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Choosing a helmet for commuting

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Article posted: 27/08/2013

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Within the commuter market there is a wealth of choice in terms of helmet design, with traditional designs bumping heads with 'urban' designs, inspired by skate, bmx and snowboarding helmets. Let’s take a look at the many options available.

Helmet types

 

Road helmets – A standard road helmet usually comes without a peak and is styled to complement road bikes and kit – meaning lots of colour, stripes and swooshes – not what you want if you’re trying to blend into the cityscape. However, they’re lightweight, high spec and conform to the same safety standards as other types of helmet.

Mountain biking helmets – Usually come with a peak as standard which, in an urban context, can come in handy for keeping the sun and rain out of your eyes. Mountain helmets will tend to have larger vents, designed to let in more air at slower speeds – ideal for commuters too. Styling wise, mountain helmets are increasingly coming on-stream in more subdued colours and matt finishes, which may work better with your urban cycling duds. Plus, higher end designs are ‘co-moulded’ and feature outer casings that wrap underneath the fragile polystyrene inner, making them more capable of handling the odd knock that they’ll encounter on the daily grind.

Skate/BMX helmets – these are usually a hard-shell design with a thick polycarbonate lid lined with polystyrene foam and padding. Many urban riders use BMX or Skate style lids due to their ability to withstand abuse. Standard bike helmets ‘single-impact’ designs, whereas BMX and skate helmets are far more robust. But this sturdiness comes at a price – BMX lids are usually heavier and less well vented than standard road and mountain bike helmets.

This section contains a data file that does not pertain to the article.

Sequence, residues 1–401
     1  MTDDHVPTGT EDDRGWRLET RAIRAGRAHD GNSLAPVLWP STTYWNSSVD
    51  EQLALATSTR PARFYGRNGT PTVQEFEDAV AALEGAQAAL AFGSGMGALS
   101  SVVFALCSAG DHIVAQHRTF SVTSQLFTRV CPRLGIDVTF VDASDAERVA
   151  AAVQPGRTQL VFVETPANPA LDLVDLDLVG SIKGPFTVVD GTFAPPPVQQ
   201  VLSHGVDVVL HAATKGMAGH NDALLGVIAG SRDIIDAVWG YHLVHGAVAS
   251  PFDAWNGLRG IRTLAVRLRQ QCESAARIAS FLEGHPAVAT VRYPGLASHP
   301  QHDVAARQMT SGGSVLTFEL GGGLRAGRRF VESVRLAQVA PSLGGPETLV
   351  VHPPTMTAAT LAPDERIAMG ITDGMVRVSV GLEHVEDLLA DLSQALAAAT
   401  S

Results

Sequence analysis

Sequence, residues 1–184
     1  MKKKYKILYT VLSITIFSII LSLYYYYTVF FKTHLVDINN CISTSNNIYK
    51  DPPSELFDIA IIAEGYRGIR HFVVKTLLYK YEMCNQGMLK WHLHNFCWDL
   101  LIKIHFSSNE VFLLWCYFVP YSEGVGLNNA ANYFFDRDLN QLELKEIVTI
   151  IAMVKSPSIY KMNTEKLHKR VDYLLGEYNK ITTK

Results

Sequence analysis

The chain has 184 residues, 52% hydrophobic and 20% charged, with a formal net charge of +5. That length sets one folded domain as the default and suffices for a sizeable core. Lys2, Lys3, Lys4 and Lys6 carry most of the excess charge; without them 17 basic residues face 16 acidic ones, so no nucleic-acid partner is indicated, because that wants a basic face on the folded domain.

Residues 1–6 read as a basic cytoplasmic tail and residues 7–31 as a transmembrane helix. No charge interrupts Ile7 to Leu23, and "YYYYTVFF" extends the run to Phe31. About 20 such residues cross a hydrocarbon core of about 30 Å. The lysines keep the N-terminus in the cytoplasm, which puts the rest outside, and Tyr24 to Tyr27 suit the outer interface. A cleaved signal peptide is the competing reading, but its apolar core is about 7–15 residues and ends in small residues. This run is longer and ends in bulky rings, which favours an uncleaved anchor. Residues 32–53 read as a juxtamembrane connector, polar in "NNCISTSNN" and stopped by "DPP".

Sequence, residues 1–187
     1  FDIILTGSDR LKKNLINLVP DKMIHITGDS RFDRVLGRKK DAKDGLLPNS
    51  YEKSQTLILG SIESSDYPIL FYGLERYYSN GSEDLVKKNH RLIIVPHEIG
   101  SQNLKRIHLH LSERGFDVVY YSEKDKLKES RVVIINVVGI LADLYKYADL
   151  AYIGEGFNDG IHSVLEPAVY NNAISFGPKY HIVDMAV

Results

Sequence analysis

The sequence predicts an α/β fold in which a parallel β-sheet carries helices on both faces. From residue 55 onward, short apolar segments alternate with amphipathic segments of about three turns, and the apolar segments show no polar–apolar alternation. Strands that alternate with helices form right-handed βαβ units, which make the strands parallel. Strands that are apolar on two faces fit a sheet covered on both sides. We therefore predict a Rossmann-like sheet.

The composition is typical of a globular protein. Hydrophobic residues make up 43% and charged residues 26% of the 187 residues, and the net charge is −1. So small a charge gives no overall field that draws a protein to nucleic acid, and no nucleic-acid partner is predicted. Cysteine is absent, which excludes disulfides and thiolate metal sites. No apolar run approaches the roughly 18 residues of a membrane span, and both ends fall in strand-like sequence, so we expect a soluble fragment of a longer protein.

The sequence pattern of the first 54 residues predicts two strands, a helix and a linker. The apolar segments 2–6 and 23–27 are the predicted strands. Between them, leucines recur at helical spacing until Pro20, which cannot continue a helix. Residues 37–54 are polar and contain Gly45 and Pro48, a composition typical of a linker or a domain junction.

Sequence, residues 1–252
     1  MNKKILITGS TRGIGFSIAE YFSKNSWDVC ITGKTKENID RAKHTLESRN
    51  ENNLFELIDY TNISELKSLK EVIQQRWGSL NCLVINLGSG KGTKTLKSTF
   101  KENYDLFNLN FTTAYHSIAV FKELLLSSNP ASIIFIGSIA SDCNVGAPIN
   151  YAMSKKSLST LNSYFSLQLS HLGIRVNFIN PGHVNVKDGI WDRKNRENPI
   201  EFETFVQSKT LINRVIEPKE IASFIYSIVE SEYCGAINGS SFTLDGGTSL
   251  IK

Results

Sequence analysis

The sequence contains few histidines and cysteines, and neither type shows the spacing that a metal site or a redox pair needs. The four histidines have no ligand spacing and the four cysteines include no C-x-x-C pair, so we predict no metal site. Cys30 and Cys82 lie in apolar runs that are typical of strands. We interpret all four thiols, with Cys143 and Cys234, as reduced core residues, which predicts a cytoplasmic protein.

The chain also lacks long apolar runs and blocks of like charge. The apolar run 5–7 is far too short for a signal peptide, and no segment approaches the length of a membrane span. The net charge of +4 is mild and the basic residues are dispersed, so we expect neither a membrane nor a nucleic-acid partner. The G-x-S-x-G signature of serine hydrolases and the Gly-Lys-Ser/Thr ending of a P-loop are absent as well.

Commuter specific designs – A number of helmet manufacturers produce commuter or urban specific designs. Like some MTB trail helmets, their styling is subtly different and colourways tend to be more subdued – designed to better complement normal everyday clothing. Bell’s Metro and Specialized’s Street Smart are popular examples and sport features such as removable vent covers for winter riding, reflective trim, peaks and lighting attachment points.

Snowboarding helmets – The Bern snowboarding helmet was the first to make the cross-over into urban cycling apparel and now Bern market cycling specific variants of their original snowboarding design, tweaking the venting, fit, padding etc to better suit the demands of bike riding. Benefits include more coverage at the sides and back of the head, in a tradeoff for less venting. Like bike helmets, the majority of Ski/Snowboard helmets are ‘single-impact’ designs – meaning that if the helmet is involved in significant impact, it must be replaced immediately, as it may have suffered structural damage that may not be visible to the user, which may result in impairment of the helmet’s function.

Helmet Safety Standards – cutting through the confusion

Worldwide there are a number of different cycle helmet standards, which can make helmet buying a confusing business. So we won’t go into them all here. From a UK consumer point of view, all you need to look for is whether the helmet conforms to British Standard (BS EN 1078:1997) and that it is fitted correctly.

How to fit your helmet correctly

1. Place the helmet on the head with the straps fastened under the chin.The front strap should be as vertical as possible and the rear strap should join the front strap just below the ears (forming a V just under the ears).

2. The helmet should fit comfortably on the head – if you try to move the helmet there should be very little movement.

3. If you can slide the helmet off the head either backwards or forwards then you need to tighten the straps.

Click here to watch our video guide on fitting a helmet correctly.

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